However repellent they find Sam’s criminal past, readers will find it hard not to want to see him reprieved.

Grisham ends the story in the only way it could end, leaving readers to ponder the messes that people make of their lives and the impossibility of solving human problems by legal means.

The Chamber by John Grisham
Doubleday. ©1994. 486 p.
1994 bestseller #10; my grade: A+

©2020 Linda G. Aragoni

Pleading Guilty by Scott Turow

a $1000 bill in breast pocket of pin-striped suit
Love those pin-striped suits.

Scott Turow delivers Pleading Guilty as an unedited report dictated by Mack Malloy, an ex-cop turned lawyer, to his firm’s top management about their partner who disappeared along with $5.6 million.

That presentation lets readers find out about the crime and the characters in a manner that’s both shocking and, in retrospect, predictable.

Outside the courtroom, Bert Kamin, Mack’s partner at G&G, is caught up in sports betting with other macho guys who claim to have insider knowledge. Others of Mack’s associates in G&G have peculiarities that might mask unorthodox, possibly even criminal, behavior.

Mack and Emilia “Brushy” Bruccia, his associate and sex-partner, joke that their gossip is protected lawyer-client communication.

The first place Mack looks for Bert—the Russian Bath—he learns cops have already been there looking for a Kam Roberts, although the Bath pays the local watch commander to prevent such unpleasantness.

Who is Kam Roberts? And why are cops asking about him in Bert Kamin’s haunts?

Divorced, overweight, with an injured knee and booze-soaked psyche, Mack is about as attractive as Horace Rumpole and equally shrewd about crime. But unlike Rumpole, Mack is unlikely to appear in a second novel.

You’ll have to read Pleading Guilty to learn why.

Pleading Guilty by Scott Turow
Ferrar, Straus and Giroux. ©1993. 386 p.
1993 bestseller #8; my grade: A

©2020 Linda G. Aragoni

Vanished by Danielle Steel

cameo of child at center of gray and black dust jacket
The child is gagged.

Vanished is a totally atypical, can’t-put-down mystery from the queen of romance novelists, Danielle Steel.

The story is set in 1938 just after Kristallnacht in Germany and while the Lindbergh baby kidnapping was still fresh in American minds.

Marielle Patterson is the devoted mother of four-year-old Teddy, and dutiful wife of multi-millionaire Malcolm Patterson, for whom she had worked briefly as secretary. Both parents adore Teddy and are polite to each other.

Just hours after Marielle had accidentally run into her ex-husband at a church on the anniversary of the accident in which they lost their just-walking son and unborn daughter, Teddy is kidnapped from his bedroom.

Marielle’s ex-husband, Charles Delauney, is charged with kidnapping. Marielle doesn’t believe Charles could be the kidnapper, but all the evidence points to him.

When the case comes to trial, Marielle’s past marriage, divorce, and the mental problems after losing her children are made public. Malcolm blames Marielle for the kidnapping.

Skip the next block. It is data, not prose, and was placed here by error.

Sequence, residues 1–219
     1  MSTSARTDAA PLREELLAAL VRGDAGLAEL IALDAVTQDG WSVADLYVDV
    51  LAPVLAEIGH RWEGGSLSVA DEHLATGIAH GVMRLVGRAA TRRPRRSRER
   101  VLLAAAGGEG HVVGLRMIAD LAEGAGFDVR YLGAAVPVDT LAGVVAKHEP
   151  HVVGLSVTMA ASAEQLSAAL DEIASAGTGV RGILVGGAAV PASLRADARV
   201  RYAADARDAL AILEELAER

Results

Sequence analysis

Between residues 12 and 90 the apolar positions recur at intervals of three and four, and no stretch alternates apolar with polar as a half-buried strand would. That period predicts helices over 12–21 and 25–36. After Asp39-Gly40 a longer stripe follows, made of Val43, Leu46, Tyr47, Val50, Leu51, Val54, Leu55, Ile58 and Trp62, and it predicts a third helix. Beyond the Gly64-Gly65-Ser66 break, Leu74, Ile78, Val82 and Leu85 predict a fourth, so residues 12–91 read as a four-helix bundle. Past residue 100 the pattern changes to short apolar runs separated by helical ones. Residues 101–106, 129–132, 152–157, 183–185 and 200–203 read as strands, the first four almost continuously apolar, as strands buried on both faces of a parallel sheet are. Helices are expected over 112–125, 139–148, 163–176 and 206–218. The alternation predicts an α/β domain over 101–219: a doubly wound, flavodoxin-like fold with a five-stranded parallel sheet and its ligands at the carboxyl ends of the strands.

Without family or close friends, Marielle comes to rely on an FBI special agent for emotional support through an ugly trial in which the prosecutor tries to make it look as if Marielle is to blame for the kidnapping.

Steel wraps up the story in manner both hopeful and realistic.

Vanished by Danielle Steel
Delacourt Press. ©1993. 304 p.
1993 bestseller #6; my grade: B+

©2020 Linda G. Aragoni

Dolores Claiborne, the novel

Woman peers down into well as the sun goes into full eclipse above her
It’s a solar eclipse.

Dolores Claiborne is a Stephen King novel for people who think they don’t like Stephen King novels. Its horrors all have human origins and no good deed goes unpunished.

On page one, Dolores Claiborne has already been advised of her rights. Dolores is thought to have killed her wealthy employer, Vera Donovan, for whom Dolores had worked since her teens.

The rest of the novel is a transcript of what Dolores tells to  the police chief and his deputy at Little Tall Island, Maine, and their stenographer.

Dolores freely admits that she killed her husband 29 years earlier during a solar eclipse. Although most people suspected her, no one could prove she did it.

Dolores says she didn’t kill Vera, although sometimes she would have liked to. Vera was a bossy, nasty, bitchy woman. After Dolores’s husband’s death, even her children didn’t want to live at home.

Dolores put up with Vera because there were few jobs available and she was used to Vera’s habits.  Over the years, the women battled their own demons and each other, finally seeming to reach an armed truce.

When Vera died, she left her estate, valued at $30 million, to Dolores, which is why Dolores is being questioned.

Dolores says, “Most of what bein human’s about is makin choices and payin the bills when they come due.”

Dolores Claiborne by Stephen King
Bill Russell, illustrator
Viking, ©1992. 305 p.
1992 bestseller #1; my grade: A

©2020 Linda G. Aragoni